The recent rulings from the conservative majority on the Supreme Court are being felt in every corner of American life—including the kidney space.
A June 21 ruling “…laid out a roadmap for insurers to shift the costs of end-stage renal disease to Medicare,” according to judicial analyst Ronald Mann writing for the Supreme Court-tracking website SCOTUSblog (1).
A statement from the National Kidney Foundation (NKF) stated the organization was “deeply disturbed” by the ruling (2) as was Kidney Care Partners, which was “deeply disappointed” and vowed to have Congress overturn the ruling (3).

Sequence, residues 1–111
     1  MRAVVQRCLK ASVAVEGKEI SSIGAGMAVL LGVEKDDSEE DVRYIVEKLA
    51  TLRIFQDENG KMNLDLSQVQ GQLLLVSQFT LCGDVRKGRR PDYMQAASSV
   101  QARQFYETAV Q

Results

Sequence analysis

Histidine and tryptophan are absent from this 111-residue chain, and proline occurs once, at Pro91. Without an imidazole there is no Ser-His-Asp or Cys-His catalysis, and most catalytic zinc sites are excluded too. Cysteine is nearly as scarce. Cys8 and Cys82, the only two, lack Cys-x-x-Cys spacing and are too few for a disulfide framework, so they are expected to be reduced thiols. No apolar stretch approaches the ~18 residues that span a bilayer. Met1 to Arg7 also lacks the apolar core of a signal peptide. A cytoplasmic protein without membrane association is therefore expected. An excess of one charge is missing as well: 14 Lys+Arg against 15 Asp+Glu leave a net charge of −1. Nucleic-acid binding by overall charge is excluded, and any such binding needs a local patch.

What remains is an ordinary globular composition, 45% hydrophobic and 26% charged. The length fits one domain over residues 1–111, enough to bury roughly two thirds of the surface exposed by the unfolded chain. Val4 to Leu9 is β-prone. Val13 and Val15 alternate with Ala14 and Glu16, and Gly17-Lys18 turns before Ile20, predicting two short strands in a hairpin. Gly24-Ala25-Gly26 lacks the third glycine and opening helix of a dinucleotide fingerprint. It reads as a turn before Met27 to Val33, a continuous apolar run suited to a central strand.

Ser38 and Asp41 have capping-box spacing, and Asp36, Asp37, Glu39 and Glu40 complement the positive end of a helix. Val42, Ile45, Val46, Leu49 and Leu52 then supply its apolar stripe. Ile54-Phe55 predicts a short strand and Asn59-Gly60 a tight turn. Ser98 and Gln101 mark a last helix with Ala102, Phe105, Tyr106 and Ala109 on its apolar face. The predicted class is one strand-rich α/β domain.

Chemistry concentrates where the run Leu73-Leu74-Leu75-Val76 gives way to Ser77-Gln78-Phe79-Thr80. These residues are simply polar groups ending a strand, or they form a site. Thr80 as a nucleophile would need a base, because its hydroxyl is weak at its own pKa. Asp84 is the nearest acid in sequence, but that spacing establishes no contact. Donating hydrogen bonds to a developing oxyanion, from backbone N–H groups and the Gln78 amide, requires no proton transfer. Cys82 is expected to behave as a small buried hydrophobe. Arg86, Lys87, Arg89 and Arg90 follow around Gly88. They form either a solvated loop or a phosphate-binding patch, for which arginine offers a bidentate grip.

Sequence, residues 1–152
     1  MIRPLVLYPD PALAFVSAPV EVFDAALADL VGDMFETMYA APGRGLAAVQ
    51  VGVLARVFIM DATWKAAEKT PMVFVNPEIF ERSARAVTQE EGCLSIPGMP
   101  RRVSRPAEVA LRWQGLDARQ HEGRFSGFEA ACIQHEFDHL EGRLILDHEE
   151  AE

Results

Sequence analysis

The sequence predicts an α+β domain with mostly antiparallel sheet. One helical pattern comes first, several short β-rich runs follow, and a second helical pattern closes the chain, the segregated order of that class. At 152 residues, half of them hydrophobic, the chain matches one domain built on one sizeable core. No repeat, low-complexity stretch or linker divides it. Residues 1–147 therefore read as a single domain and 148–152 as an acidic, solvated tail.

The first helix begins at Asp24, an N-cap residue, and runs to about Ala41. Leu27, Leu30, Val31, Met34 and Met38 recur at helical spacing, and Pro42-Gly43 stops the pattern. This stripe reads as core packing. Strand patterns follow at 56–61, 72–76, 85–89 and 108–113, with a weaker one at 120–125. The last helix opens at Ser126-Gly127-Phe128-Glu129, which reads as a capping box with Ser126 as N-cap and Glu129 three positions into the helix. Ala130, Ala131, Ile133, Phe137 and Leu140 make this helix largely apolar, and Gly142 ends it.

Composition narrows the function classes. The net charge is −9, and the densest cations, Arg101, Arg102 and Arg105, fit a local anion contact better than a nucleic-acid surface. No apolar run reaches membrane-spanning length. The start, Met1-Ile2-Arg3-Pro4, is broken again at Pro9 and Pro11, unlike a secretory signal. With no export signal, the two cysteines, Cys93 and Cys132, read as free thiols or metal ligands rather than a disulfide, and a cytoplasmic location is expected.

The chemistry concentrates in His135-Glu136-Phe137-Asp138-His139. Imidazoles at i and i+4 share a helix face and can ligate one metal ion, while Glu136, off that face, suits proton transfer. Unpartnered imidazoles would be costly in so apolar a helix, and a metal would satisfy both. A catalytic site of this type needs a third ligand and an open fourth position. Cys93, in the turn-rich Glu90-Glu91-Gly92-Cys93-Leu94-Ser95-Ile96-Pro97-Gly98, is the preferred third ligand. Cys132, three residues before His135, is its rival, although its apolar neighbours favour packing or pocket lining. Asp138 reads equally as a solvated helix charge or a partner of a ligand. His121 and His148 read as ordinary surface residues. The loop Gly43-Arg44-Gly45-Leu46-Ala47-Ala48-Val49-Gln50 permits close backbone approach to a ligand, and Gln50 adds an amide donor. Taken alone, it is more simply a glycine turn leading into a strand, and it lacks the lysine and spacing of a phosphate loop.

As featured in the July edition of Kidney News, this issue again highlights advances in kidney transplantation. The July issue included articles on the new kidney transplant allocation system, updates from the apolipoprotein L1 (APOL1) Long-term Kidney Transplantation Outcomes (APOLLO) study, recent groundbreaking advances in xenotransplantation, racial inequities and measures to address them, and a review of the increasingly encountered challenge of oxalosis in kidney transplantation. We now turn our attention to genomics, biomarkers, new insights into thrombotic microangiopathy (TMA), focal segmental glomerulosclerosis recurrence in transplantation, and finally, updates on the use of belatacept.